D.C.M. London Gazette 27.9.1901.
Sergeant-Major Richard Disley, D.C.M., was appointed Sergeant-Major of the 3rd (Militia) Battalion, Royal Lancaster Regiment in 1895 and held that appointment until he was discharged after 23 years service in July 1901. The 3rd Battalion 'volunteered for foreign service in 1900, strength embarked 25 Officers, 686 N.C.Os and men, Colonel B.N. North Commanding. On arrival at Cape Town March 1st 1900, employed on the lines of communications in the Orange River Colony, three Companies and Head Quarters holding Zand River Bridge, an important post commanding the railway bridge, and a very large Depot of supplies. March 14th attacked by the enemy whose attack lasted all day. The enemy had one 12 pounder gun, 2 pompoms and 1 Maxim. The garrison had no artillery. The Boers were driven off leaving many killed, wounded and prisoners. Captain R.N. de la Bere distinguished himself by leading a most successful charge, and Lieut. and Qr. Master Batchelor with some picked shots put a maxim out of action. Captain G.D. Timmis discovered the enemy who tried to surprise the post. Lord Kitchener issued orders thanking the Regt. for their "gallant conduct"' (The Constitutional Force refers).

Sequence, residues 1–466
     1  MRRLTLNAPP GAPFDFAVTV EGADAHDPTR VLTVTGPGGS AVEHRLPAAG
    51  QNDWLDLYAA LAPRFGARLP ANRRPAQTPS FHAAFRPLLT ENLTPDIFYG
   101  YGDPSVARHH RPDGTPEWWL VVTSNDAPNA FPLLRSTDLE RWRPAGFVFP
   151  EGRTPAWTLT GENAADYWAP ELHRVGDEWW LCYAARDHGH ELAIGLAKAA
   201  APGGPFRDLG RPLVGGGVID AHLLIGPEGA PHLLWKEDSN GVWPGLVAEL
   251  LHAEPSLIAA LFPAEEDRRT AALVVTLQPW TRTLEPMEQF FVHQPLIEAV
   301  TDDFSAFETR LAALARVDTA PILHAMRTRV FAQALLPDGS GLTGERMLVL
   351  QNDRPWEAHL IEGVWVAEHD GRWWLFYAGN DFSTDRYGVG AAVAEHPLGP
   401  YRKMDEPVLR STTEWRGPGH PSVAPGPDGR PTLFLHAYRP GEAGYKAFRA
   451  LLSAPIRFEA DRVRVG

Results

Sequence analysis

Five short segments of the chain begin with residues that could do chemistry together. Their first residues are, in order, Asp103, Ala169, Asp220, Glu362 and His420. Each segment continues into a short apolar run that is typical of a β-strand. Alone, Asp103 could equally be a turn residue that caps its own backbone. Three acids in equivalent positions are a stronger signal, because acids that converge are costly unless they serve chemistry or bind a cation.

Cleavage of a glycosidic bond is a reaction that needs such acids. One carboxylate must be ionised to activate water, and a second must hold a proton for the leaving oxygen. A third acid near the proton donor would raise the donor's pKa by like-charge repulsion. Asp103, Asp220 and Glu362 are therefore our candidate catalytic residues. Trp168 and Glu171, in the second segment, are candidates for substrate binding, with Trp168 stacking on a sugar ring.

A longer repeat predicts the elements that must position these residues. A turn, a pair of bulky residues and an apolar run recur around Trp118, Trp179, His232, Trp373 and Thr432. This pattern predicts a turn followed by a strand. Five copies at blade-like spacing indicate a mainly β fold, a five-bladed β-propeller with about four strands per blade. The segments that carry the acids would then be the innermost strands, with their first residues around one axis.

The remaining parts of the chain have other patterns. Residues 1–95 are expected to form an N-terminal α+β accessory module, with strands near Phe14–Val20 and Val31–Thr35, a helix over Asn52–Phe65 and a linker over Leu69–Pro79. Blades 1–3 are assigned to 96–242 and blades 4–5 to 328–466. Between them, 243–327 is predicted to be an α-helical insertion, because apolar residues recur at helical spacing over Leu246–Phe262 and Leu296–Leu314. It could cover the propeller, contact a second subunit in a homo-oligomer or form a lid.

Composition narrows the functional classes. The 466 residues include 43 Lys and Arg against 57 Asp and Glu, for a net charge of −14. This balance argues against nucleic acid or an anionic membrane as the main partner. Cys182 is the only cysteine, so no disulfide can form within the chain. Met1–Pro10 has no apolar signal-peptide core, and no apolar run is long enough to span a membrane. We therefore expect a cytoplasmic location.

This was the first and only major action of the 3rd Battalion during the War. Captain (later General Sir Ernest) Swinton, R.E., Adjutant of the Railway Pioneer Regiment, which lost its Commanding Officer Major Seymour in the action, noted of its aftermath: 'After the action we had the time to clear the thorn bush in front of our trenches, and so had a better field of fire. The difficulty was to find men for this work, since the most important duty for us technical troops was to re-establish communications. Superstition came to our aid. I do not know if it is a common belief in Lancashire, but the Militia lads were very keen to view the bodies of the Boers whom we had killed, which still lay unburied, and to cut the buttons off their clothes for mascots. Such an uninteresting fatigue as clearing the scrub was not popular, so we did a trade. I placed sentries, with a supply of billhooks to keep the morbid militiamen out of sight of the corpses. Any man who wanted a peep was given a billhook and told to clear a given space of scrub. When he had done his task he was allowed to see the dead, but not to touch them. A fine field of of fire was obtained; and everyone was happy. If it had become known, it would have caused a scene in Parliament as "another method of barbarism" (Over My Shoulder refers).